And so the Burghley Horse Trials are once again upon us, a sure sign of summer's end and the onset of autumn. Sponsored by Land Rover the horse trials are arguably the pre-eminent three day event of the year in the UK and this year the sport can boast many of its Olympic heroes that played their part in Team GB's staggering home Games success.
Burghley provides mixed emotions for me. Why? Because for many years I attended the horse trials as a pupil at nearby Stamford School, situated in the centre of the beautiful Lincolnshire country town famed for its medieval history, churches, town fair and, er, public houses. Burghley was a chance to see some top-flight sport each September. It was also the chance to meet up with the High School girls and drink cheap cider bought, under-age, from the local supermarket.
I do recall, vaguely, the likes of Richard Meade and Lucinda Prior-Palmer at work, as well as Captain Mark Phillips and even the Princess Royal, or Anne, as she was known as back then but, as a young teenager, it was as much a social event for me and my mates. However, the grounds of Lord Burghley (think Nigel Havers in Chariots of Fire) also evoke more painful memories because the place was also used for the school's annual cross-country run. Looking back it was only six miles or so long but staged each February when the wind and the sleet blew in from the low level Fens. I managed to throw a sicky twice but after that the teachers were on the look-out, which meant five miserable years of lumbering at the back of the field growing increasingly colder, wetter, muddier and more miserable by the second.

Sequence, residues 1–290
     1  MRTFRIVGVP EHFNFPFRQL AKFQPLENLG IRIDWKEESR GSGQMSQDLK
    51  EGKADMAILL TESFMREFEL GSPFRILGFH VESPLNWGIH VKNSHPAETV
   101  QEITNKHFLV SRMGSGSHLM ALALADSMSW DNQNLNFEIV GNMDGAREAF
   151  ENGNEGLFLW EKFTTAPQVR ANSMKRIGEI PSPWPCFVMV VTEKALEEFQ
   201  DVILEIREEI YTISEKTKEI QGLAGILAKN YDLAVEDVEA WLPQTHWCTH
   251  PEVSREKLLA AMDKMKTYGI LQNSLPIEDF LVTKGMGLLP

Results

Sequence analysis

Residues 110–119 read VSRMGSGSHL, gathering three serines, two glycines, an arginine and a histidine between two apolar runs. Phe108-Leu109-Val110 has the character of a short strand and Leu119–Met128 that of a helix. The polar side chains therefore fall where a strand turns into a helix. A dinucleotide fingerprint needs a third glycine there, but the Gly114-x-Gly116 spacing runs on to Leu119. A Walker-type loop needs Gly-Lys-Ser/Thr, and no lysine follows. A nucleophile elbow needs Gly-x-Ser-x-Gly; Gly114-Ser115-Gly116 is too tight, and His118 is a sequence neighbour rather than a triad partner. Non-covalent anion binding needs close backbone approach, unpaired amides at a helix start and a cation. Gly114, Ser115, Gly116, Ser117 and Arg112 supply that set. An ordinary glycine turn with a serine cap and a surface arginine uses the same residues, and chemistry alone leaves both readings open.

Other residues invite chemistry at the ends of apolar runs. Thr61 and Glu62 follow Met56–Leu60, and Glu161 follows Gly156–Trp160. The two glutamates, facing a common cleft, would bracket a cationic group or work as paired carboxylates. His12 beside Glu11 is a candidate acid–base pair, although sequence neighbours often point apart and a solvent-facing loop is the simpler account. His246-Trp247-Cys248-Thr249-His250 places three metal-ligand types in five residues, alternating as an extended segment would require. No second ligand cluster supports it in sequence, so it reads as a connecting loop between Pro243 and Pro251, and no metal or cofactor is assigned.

In my final year, for some inexplicable reason, I sprinted from the start and found myself, to my utter amazement, leading the field for at least a third of the course, Eventually runners over took me but I still finished inside the top ten, and promptly threw up. It made teachers ask me what I'd been doing for the previous few years. Thankfully I didn't have to back up this performance as I left Lincolnshire and hit London. Still, each year the thought of the Burghley Horse Trials evoke these two, conflicting emotions - happiness at wild, cider-induced abandon, and utter, sodden misery during the dreaded cross-counbtry run. Enjoy Burghley this time. And remember, it's more fun going round on a horse.